Sometimes a person has something sensible to say and is met by insane raving. The only sensible response is to push forward rationally. In that vein I submit two YouTube videos of people I respect (one more than the other) defending common sense in the face of insanity, Dan Hannan and Peter Hitchens.

Dan Hannan
This is Dan Hannan taking the European Union to task and making a case for Brexit.
Peter Hitchins
Peter Hitchens defends the presumption of innocence until proven guilty.

Private Ownership and the Emergence of Field-based Agriculture

Quick update: There is a nicer, fancier article on this very subject on another blog. If for some reason you read my article below, treat yourself and partake of properal's piece too.

There is a paper by Samuel Bowles and Jung-Kyoo Choi called 'Coevolution of farming and private property during the early Holocene' and it is wonderful. It leaves a few stones unturned and its thesis needs to be empirically verified or falsified but it really begins to clarify the intimate relationship between the form of agriculture that we refer to as farming on the one hand and private ownership on the other.

Their thesis is that technology was not the driver that led to long-term (inter-generational) farming, but also that farming did not follow some moment where the folks in a society all said "hey, let's all have private property now!" Rather, what they posit is that farming and private property actually coalesced, ad-hoc and over a multi-generational time-frame, around…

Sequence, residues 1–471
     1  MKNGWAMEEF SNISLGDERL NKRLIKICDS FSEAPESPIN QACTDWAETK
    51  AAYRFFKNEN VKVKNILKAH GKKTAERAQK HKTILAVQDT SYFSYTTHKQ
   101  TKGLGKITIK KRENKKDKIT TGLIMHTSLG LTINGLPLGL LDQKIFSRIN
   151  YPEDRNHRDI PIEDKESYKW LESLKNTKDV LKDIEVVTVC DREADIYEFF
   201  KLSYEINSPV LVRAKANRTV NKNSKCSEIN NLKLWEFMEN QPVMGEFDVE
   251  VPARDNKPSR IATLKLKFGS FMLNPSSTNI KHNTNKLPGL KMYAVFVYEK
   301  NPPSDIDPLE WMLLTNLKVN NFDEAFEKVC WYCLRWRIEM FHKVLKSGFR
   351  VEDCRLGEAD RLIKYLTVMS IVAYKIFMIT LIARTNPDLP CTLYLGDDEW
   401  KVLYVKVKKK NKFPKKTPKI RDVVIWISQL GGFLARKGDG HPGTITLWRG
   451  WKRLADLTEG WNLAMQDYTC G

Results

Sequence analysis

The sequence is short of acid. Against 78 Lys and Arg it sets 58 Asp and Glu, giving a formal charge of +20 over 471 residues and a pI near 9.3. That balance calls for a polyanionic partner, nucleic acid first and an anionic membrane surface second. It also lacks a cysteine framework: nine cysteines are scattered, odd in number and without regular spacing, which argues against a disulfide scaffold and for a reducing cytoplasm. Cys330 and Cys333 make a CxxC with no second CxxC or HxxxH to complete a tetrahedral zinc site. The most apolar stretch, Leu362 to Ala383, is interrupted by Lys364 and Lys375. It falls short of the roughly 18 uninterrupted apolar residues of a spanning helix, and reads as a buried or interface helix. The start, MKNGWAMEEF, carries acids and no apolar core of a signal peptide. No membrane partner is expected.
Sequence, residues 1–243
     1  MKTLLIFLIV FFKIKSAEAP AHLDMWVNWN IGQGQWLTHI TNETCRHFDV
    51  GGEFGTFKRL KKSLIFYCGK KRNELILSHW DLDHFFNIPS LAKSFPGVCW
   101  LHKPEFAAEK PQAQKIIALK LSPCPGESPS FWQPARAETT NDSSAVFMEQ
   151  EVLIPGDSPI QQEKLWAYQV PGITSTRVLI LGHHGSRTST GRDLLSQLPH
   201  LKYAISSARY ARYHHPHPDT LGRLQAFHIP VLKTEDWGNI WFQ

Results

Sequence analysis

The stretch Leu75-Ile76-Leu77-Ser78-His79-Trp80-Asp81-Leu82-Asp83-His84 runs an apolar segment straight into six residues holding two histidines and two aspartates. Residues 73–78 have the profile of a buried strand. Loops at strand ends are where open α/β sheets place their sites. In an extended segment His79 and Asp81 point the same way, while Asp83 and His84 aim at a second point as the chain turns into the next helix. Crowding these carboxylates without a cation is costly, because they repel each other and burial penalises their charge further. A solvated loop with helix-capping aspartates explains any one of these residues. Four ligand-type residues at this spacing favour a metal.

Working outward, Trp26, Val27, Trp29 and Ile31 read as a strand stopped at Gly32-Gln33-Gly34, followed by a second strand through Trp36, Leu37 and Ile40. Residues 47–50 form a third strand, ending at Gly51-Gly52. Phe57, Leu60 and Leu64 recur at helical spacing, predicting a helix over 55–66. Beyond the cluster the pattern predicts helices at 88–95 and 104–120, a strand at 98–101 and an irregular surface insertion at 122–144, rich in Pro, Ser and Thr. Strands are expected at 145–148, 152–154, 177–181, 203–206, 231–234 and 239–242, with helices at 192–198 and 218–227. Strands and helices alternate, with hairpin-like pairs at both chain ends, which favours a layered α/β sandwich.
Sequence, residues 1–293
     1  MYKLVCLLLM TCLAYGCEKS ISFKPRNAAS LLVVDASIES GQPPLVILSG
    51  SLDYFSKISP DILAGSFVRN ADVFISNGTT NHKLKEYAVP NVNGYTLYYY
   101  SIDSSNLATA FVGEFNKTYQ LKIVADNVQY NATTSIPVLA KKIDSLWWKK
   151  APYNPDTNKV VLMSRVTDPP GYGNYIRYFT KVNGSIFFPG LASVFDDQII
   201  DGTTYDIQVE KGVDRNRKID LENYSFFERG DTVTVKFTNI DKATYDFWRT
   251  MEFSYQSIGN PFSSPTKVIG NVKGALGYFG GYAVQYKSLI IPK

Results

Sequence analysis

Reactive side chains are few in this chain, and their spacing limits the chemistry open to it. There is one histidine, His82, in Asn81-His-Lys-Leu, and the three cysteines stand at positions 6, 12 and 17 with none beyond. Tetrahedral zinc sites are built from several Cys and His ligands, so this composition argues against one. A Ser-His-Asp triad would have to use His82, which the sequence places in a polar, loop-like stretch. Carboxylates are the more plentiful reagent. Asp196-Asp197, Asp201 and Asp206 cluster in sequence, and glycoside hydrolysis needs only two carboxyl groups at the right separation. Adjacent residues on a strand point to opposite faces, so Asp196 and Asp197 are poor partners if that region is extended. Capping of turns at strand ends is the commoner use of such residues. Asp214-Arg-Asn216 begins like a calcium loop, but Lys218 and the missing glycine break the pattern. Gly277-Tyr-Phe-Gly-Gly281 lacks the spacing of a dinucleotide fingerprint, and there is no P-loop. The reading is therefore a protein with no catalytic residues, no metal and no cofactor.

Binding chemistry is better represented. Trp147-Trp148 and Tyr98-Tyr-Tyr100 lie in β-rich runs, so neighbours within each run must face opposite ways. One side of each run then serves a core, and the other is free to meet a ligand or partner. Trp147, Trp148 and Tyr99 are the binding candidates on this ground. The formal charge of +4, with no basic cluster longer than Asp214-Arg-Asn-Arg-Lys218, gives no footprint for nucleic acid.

My Six Grievances Re Anarchist Labour Economics

A summary of grievances addressed to my 19th Century anarchist chums re their concepts of exploitation and wage slavery.

a/ non-sequiturs
Inferring something moral (exploitation) from an accounting fact (<100% of revenue in wages) is a non sequitur and runs afoul of the is/ought problem.

The non sequitur arises because in this case the accounting fact doesn't actually imply the moral one. Further steps would be needed to connect these two different facts, whether an LTV or the will of some deity.

For another link describing the is/ought problem, first formulated by David Hume, maybe anarchist econ needs a guillotining.

b/ metaphysics